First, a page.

The Other Side of the Picture
Canadian artist Doris McCarthy surveys the landscape of Lake Huron, made famous by her teacher, Arthur Lismer, and other Group of Seven painters. "When I was growing up, I heard, and I actually believed, that there had never been any great women artists. This was the wisdom of the day." At the remounting of The Dinner Party, artist Judy Chicago remarks on her success as a woman artist. "You don't get preserved, you get buried." Two different artists from two generations, but how much have things changed? Filmmaker Teresa MacInnes tackles the debate: Are there no great women artists? The statistics are revealing. At Washington's National Gallery only 1 in every 30 paintings is by a woman. In Canada, women account for a mere 8 percent of the National Gallery's collection. The Other Side of the Picture takes us into the homes and studios of artists such as Mary Pratt, Joyce Weiland, Jane Ash Poitras and Landon Mackenzie, who address the question of inequality in the art world. Traversing the last two centuries of women's art history, this film offers provocative comment on why we are still missing the "other side of the picture".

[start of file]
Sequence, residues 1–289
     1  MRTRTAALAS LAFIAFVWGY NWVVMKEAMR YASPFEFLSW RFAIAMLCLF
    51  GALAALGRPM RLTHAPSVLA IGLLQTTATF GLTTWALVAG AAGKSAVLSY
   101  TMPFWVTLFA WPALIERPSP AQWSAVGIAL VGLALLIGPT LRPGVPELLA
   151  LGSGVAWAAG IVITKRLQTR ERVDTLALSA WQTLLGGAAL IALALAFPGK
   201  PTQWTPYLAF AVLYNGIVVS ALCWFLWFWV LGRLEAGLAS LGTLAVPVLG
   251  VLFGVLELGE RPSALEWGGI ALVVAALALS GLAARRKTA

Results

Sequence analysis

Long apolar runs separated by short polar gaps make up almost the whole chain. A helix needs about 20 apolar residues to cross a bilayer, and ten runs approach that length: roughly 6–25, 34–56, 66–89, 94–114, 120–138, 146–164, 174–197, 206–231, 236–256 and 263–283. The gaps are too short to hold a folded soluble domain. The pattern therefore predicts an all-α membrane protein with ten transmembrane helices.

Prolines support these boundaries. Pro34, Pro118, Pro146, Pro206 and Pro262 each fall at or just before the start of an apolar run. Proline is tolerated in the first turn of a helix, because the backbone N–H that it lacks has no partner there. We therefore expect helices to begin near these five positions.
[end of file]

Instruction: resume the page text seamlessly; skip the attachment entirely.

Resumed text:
1998, 52 min 58 s
Chris Award - Catégory: Humanities
International Film and Video Festival
October 19 to 22 1999, Columbus - USA
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